In the fashion and luxury sector in general, there is an accelerating shift towards sustainability, with designers and jewellers focusing on eco-friendly materials and upcycling. Consumers are increasingly looking at a brand’s green credentials to inform their purchasing decisions. This trend is set to increase, and with it the demands placed by brands on their suppliers. The specific areas concerned are the traceability of materials to guarantee responsible sourcing (precious metals, gemstones, etc.), looking into animal product alternatives, and bio-sourced, recycled or upcycled materials.
When you say in the conclusion of your study that consumers are shifting to quality over quantity, what are you referring to?
We’re referring to the behaviour of consumers in general, who are increasingly tending to favour quality products and local and/or artisanal manufacturing, and also placing a greater value on know-how. Quality, tradition and sustainability should therefore remain a key focus of watch brands’ communication and sales activities.
Does the growth of the pre-owned market only apply to high-end watchmaking? Is this second-hand market controlled by brands or by individual owners? What impact will it have on production in the medium term? Will it create a new market for brands, while subcontractors lose out?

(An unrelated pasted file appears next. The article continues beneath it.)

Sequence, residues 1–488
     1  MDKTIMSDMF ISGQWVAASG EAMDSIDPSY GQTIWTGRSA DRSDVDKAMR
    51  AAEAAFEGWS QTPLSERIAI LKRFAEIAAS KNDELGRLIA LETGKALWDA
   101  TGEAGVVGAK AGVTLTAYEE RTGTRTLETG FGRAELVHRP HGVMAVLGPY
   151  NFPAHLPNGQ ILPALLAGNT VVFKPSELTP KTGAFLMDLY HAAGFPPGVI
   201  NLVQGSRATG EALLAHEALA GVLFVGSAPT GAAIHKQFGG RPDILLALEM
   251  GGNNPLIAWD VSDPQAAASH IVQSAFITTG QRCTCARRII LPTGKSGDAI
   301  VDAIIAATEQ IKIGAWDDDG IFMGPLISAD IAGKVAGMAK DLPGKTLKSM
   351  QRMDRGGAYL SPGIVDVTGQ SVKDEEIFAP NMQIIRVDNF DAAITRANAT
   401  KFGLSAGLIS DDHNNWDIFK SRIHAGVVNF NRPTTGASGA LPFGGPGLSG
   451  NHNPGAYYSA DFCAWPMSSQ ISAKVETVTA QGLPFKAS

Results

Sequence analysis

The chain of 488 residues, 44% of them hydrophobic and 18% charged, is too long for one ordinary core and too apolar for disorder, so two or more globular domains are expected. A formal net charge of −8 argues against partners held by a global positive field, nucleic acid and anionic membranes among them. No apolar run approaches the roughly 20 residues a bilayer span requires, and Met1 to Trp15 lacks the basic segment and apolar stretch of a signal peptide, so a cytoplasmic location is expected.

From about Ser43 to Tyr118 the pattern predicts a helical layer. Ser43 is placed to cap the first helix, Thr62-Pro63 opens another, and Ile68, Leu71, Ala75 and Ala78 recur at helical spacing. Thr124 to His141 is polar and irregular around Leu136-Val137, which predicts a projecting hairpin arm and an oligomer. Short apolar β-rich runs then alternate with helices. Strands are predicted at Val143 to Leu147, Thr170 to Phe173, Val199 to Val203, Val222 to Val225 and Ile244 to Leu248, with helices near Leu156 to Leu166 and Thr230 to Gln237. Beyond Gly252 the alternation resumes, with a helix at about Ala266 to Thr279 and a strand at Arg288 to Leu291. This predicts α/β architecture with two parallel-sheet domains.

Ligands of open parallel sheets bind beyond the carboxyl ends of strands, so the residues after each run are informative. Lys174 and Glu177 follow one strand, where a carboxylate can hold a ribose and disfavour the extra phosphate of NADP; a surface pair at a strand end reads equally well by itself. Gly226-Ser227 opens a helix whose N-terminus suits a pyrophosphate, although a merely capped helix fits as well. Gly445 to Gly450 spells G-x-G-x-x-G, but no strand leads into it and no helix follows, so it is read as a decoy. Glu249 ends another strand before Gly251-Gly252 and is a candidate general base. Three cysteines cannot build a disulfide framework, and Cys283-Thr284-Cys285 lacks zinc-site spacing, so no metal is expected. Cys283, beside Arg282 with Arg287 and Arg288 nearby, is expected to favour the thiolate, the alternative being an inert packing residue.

The growth in the pre-owned market mainly stems from high-end mechanical watches and from brands that are also the top performers in new watch sales. That said, the low to medium range segments also have a presence here, and are likely to grow as well. Brands have long stayed away from the pre-owned watch market. Within the past three years, however, large groups and brands, as well as distributors, have started to enter this important and potentially lucrative segment in several ways: by launching their own certified pre-owned (‘CPO’) offering or by acquiring or forming partnerships with distributors specialising in pre-owned watches. The aim of the large groups and brands is twofold: to grab a share of this growing market to counter the cyclical effects of the industry, and to grow sales of new watches via trade-in programmes. This strategy, long used by the car industry, could help trigger additional sales of new watches if properly implemented and allow brands and subcontractors to keep growing.